And oranges, greens, browns, purples, yellows….
Almost a proper post-work walk this one, since it was the evening of the last day of the summer term. I was out a little earlier than I often am, which meant sunshine for a change and lots of colour. I chose to go back to the Hawes Water and Gait Barrows area.
In the woods I followed a large wasp or hoverfly hoping to see it land. I lost it, but then spotted this apparently besieged beetle…
I think that this is a Common Sextant Beetle – Nicrophorus vespilloides. I thought that maybe the small brown mites covering the beetle – which I’m pretty sure was dead – were eating it, or had possibly even killed it, but it turns out that the truth is far more interesting and surprising…
“These [Sextant] beetles perform an important service in getting rid of carrion – dead small animals and birds. Males and females cooperate to bury this matter, by digging beneath the bodies to provide a food supply for their larvae.
Adults show an incredible maternal care for the larvae, something very unusual in the insect world. They fly in search of new sources of food at night and readily come to outside lights. They are often seen to be host to very tiny pinkish brown mites which are not parasites but feeders on moulds which would otherwise spoil carrion as a food source for the larvae. These mites use the beetles as a way of getting about. This beetle is commonly seen at light in gardens, often in company with a related, all black species, the black sexton.”
I’ve had a bumper year for Common Lizards, which is great. With the sun shining I wasn’t at all surprised to find a few more on the boardwalk by Hawes Water.
Unlike the ones I’ve seen at Foulshaw Moss, these all had their tails. They were very varied in colour.
The lizards weren’t the only ones basking in the sun.
This one, it seems to me, is more blue than green, somewhat to my surprise.
Three lizards this time, not a bad haul.
“The Robin’s Pincushion (also known as the ‘Bedeguar Gall’) is a gall caused by the larvae of a tiny gall wasp, Dipoloepis rosae. It is widespread and common, and can be found developing on the stems of wild roses during late summer, acquiring its reddish colour as it matures in autumn. The grubs inside the gall feed on the host plant throughout the winter and emerge in spring as adults. The adults reproduce asexually and only a tiny number are male.”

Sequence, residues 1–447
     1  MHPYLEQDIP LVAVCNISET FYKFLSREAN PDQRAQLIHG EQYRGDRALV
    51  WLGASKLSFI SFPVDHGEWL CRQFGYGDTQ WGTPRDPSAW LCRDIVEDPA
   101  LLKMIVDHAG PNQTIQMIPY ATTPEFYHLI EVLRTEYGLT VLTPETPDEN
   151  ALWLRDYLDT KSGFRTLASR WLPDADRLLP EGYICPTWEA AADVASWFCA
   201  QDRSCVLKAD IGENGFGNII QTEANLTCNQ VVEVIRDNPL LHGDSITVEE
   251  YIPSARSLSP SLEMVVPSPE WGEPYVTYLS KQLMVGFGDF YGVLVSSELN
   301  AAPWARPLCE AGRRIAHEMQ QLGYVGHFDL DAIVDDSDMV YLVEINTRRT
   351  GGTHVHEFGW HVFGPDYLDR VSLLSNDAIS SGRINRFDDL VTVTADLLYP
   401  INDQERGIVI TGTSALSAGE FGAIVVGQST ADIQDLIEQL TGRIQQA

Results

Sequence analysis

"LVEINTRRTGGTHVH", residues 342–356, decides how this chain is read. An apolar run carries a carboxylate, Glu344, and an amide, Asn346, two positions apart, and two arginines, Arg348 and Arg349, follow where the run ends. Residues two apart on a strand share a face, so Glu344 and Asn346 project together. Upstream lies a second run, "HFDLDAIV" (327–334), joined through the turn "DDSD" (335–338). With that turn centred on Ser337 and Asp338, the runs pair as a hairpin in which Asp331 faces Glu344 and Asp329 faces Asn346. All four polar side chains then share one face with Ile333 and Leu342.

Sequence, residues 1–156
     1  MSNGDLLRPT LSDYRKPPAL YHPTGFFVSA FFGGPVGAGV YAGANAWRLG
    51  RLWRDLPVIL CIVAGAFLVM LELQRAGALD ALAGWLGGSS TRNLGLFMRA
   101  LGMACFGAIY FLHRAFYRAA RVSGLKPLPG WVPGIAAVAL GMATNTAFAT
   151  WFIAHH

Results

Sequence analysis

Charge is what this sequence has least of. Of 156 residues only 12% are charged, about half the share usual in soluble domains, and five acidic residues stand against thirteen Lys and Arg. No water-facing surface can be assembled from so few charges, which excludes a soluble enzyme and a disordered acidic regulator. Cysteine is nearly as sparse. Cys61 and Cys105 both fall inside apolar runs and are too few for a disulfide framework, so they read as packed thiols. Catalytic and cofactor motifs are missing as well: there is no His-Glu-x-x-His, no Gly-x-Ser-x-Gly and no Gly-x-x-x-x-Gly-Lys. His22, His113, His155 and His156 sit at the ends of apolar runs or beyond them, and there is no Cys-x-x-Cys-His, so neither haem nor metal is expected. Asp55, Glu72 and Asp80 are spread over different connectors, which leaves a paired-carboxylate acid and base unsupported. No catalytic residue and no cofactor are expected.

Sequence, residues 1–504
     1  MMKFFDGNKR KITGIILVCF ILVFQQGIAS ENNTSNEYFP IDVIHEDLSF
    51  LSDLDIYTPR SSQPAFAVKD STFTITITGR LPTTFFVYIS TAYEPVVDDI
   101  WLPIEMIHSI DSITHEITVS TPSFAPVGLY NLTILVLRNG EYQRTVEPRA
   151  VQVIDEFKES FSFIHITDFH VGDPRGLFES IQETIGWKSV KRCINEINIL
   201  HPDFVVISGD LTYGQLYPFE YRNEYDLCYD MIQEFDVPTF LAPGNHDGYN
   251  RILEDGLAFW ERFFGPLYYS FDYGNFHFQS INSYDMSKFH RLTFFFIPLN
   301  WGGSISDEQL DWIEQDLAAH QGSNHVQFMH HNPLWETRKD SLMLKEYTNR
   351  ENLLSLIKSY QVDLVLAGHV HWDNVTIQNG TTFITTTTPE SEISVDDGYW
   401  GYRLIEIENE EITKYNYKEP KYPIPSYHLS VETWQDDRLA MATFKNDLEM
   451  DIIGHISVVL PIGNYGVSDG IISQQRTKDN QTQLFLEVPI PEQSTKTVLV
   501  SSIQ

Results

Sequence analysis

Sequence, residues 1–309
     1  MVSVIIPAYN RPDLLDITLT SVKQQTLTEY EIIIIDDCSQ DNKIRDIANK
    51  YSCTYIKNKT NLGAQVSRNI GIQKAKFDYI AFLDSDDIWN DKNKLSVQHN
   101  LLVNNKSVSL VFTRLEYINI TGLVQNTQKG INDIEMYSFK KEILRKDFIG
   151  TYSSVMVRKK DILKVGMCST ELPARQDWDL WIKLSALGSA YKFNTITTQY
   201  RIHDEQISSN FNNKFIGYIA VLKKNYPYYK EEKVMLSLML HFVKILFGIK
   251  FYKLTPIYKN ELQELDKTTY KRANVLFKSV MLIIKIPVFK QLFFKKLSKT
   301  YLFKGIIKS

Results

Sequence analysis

Male White-tailed Bumblebee?
Wild Basil again (the same plant).
Froghopper – very different from the last one I saw.
Rather tired Common Spotted-orchid.
Small Skipper on Betony.
Look at that tongue!
I had a bit of a wander around an area of limestone pavement which I don’t think I’ve explored before. A surprisingly diverse range of plants seem to thrive in the grykes.
There were lots of these plants, growing in clumps, with strappy leaves, very dark stems and flowers which don’t seem quite open yet. I’ve had several ideas about their identity, but have eventually discounted them all.
With it’s succulent leaves, this looks like some sort of stonecrop, but also remains a puzzle. Maybe when it’s flowering fully I’ll be able to identify it?
I was intrigued by the name of this daisy, so had a peek in ‘Flora Britannica’:
“True spikenard or ‘nard’, was an expensive, spicy perfume made from roots of a Himalayan plant…”
I’m not sure why Mabey says ‘was’, since a google search elicits many offers of expensive cure-all Spikenard essential oils.
There are, apparently, several references to Spikenard in the Bible, both Old and New Testament*.
Ploughman’s Spikenard is the poor-man’s English alternative. The “roots have a strong aromatic smell. They are sometimes dried and hung up in cottages as room-fresheners.”
Dark Red Helleborine.
I’ve been wanting to find some of these since I moved to the area, without really being sure when or where to look. It’s part of the reason I was wandering around on the limestone pavement. I found several plants when I’d given up and was back on the path at the edge of the pavement. Sadly, they’d finished flowering and the flowers were dried brown husks. With one or two exceptions…
Now I know where to start my search next summer. Roll on.
* For example: “Thy lips, O my spouse, drop as the honeycomb: honey and milk are under thy tongue; and the smell of thy garments is like the smell of Lebanon. A garden inclosed is my sister, my spouse; a spring shut up, a fountain sealed. Thy plants are an orchard of pomegranates, with pleasant fruits; camphire, with spikenard, Spikenard and saffron; calamus and cinnamon, with all trees of frankincense; myrrh and aloes, with all the chief spices: A fountain of gardens, a well of living waters, and streams from Lebanon. Awake, O north wind; and come, thou south; blow upon my garden, that the spices thereof may flow out. Let my beloved come into his garden, and eat his pleasant fruits.”
From the King James version of the Song of Solomon. As ever, reliably weird. On which note – it’s probably only me that read this and heard: ‘Spikenard and saffron; calamus and cinnamon. Going up…’ If you get the reference and can hear the theme tune now then that probably means that you’re a child of the seventies and your life too was blighted by useless sit-coms. (‘Wigs and haberdashery, kitchenware and food. Going up…’)